Infinite Jest - by David Foster Wallace

The doctor’s small nods were designed to appear not as responses but as invitations to continue, what Dretske called Momentumizers.

Steeply used a technical interviewer’s device of pretending to occupy himself with small physical chores of preening and hygiene, delaying, to have Marathe elaborate himself more fully.

The thing about Wayne is he’s all business. His face on court is blankly rigid, with the hypertonic masking of schizophrenics and Zen adepts. He tends to look straight ahead at all times. He is about as reserved as they come. His emotions emerge in terms of velocity. Intelligence as strategic focus. His play, like his manner in general, seems to Schacht less alive than undead. Wayne tends to eat and study alone.

What metro Boston AAs are trite but correct about is that both destiny’s kisses and its dope-slaps illustrate an individual person’s basic personal powerlessness over the really meaningful events in his life: i.e. almost nothing important that ever happens to you happens because you engineer it. Destiny has no beeper; destiny always leans trenchcoated out of an alley with some sort of Psst that you usually can’t even hear because you’re in such a rush to or from something important you’ve tried to engineer.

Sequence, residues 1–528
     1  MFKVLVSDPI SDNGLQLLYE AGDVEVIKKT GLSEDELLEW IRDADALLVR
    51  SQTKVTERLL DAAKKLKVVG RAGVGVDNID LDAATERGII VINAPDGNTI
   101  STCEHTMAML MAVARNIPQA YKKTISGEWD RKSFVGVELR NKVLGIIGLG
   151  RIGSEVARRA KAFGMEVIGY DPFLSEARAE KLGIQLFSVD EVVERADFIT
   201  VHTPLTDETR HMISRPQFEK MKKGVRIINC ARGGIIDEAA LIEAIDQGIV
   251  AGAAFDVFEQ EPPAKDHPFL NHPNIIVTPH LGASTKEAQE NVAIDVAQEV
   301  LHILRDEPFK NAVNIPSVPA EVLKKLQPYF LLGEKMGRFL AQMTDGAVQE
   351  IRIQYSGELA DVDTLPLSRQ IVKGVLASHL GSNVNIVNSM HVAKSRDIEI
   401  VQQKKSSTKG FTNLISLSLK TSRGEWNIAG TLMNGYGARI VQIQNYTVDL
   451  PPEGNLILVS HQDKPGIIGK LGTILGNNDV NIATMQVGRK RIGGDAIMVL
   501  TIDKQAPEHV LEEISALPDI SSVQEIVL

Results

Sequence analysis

Absolutely not, Mart. No way a downer-association-rife term like refugee is going to be applicable here. I cannot overstress this too assertively. Eminent nondomain: yes. Renewal-grade brand of sacrifice: you bet. Heroes, new era’s breed of new pioneers, striking in bravely for already-settled good old settled but unfoul American territory: bien sûr.

Marathe assumed an expression that lampooned a dullard’s hard thought.

’The thing about people who are truly and malignantly crazy: their real genius is for making the people around them think they themselves are crazy. In military science this is called Psy-Ops, for your info.’

You have to take what Orin says in a fairly high-sodium way.

Defining yourself in opposition to something is still being anaclitic on that thing, isn’t it? I certainly think so. And men who believe they hate what they really fear they need are of limited interest, I find.

Congenital plagiarists put so much more work into camouflaging their plagiarism than it would take just to write up an assignment from conceptual scratch. It usually seems like plagiarists aren’t lazy so much as kind of navigationally insecure. They have trouble navigating without a detailed map’s assurance that somebody has been this way before them. About this incredible painstaking care to hide and camouflage the plagiarism — whether it’s dishonesty or a kind of kleptomaniacal thrill-seeking or what — Hal hasn’t developed much of any sort of take.

He pictured himself having weighty, steeple-fingered conversations with the man.

Gately’s listening in with the uncomprehending close attention of like a child whose parents are discussing something adultly complex about child-care in its presence.